Does Medicare?

Does Medicare?

“federal employees?


“will medicaid cover that?


In order to reduce the burden on patients who find themselves in a medical crisis, at least three states—Hawaii, New Mexico, and North Carolina—have applied for a waiver to allow consumers to be automatically enrolled in a high-deductible health plan instead of an FSA or HRA, and then be covered for catastrophic medical expenses.

The federal government should rethink making HSAs mandatory.

According to the Kaiser Family Foundation, in 2015, only 4 percent of workers with employer-provided coverage had an HSA. We know that the tax status of HSAs favors higher-income households. And we know that only about half of Americans are even able to afford the high deductibles of HSA plans. And we know that tax-preferred accounts are generally not an effective strategy to help low-income households and those with high medical needs.

In addition, the Affordable Care Act has prompted employers to start offering HSAs as an alternative to employer-sponsored coverage, not a supplement to it. Although the ACA originally did not require employers to offer HSAs, the IRS later said that in order to avoid the ACA's “Cadillac tax” on expensive health plans, employers could use HSAs to lower their premium contributions. This prompted many employers to offer HSAs and little or no employer-sponsored coverage, and some employers to eliminate any employer-sponsored coverage.

The IRS has since said it will address this problem by penalizing employers who rely on HSAs to avoid paying for health care coverage. However, the IRS is not yet tracking employer-sponsored coverage that is offered alongside an HSA.

And, despite the mandate, HSAs are not the primary form of high-deductible coverage. High-deductible health plans with lower deductibles—but no HSAs—are more common.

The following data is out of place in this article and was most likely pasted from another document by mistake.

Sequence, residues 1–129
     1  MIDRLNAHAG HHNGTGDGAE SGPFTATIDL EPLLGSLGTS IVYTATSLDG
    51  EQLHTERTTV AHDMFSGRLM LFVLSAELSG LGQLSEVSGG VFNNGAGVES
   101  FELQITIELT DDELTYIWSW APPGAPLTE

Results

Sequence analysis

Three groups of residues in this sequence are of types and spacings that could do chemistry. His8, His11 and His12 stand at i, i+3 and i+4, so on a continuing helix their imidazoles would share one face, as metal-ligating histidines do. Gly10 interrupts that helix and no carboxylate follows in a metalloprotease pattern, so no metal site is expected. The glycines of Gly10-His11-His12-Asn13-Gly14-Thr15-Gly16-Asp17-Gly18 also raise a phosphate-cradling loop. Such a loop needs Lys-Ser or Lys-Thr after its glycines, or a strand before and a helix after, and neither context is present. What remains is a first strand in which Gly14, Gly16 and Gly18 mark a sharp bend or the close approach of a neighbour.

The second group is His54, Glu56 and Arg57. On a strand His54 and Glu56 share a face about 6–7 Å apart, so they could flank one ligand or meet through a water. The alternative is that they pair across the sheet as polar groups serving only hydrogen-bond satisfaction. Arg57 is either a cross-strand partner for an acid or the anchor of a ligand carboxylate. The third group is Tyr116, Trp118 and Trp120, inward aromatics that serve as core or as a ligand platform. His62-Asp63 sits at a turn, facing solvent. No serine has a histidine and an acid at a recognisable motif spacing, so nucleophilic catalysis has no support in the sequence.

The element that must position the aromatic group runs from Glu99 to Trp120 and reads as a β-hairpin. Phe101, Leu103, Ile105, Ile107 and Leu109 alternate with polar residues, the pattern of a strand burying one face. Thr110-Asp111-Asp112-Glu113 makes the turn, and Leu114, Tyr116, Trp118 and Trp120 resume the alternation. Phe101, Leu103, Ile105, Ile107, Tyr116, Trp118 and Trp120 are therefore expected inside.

In addition, a portion of HSAs are used to pay for penalties associated with the ACA's individual mandate, which also has been repealed.

Instead, the federal government should rethink making HSAs mandatory. If it does, employers should be required to offer high-deductible health plans with lower deductibles and no HSAs. Such a rule should provide a level playing field and would be a simple, effective, and administratively efficient way to help workers and families pay medical bills.

Repeal of the Individual Mandate

The individual mandate is the only provision of the ACA that has a direct impact on low- and moderate-income people.

For many low- and moderate-income people, the individual mandate is the only ACA provision that has a direct impact on them.

The individual mandate requires people to purchase health insurance or pay a penalty on their federal tax returns. The penalty is $695 per adult and $347.50 per child—or 2.5 percent of household income, whichever is greater. People with household incomes under 400 percent of the federal poverty level are exempt from the penalty.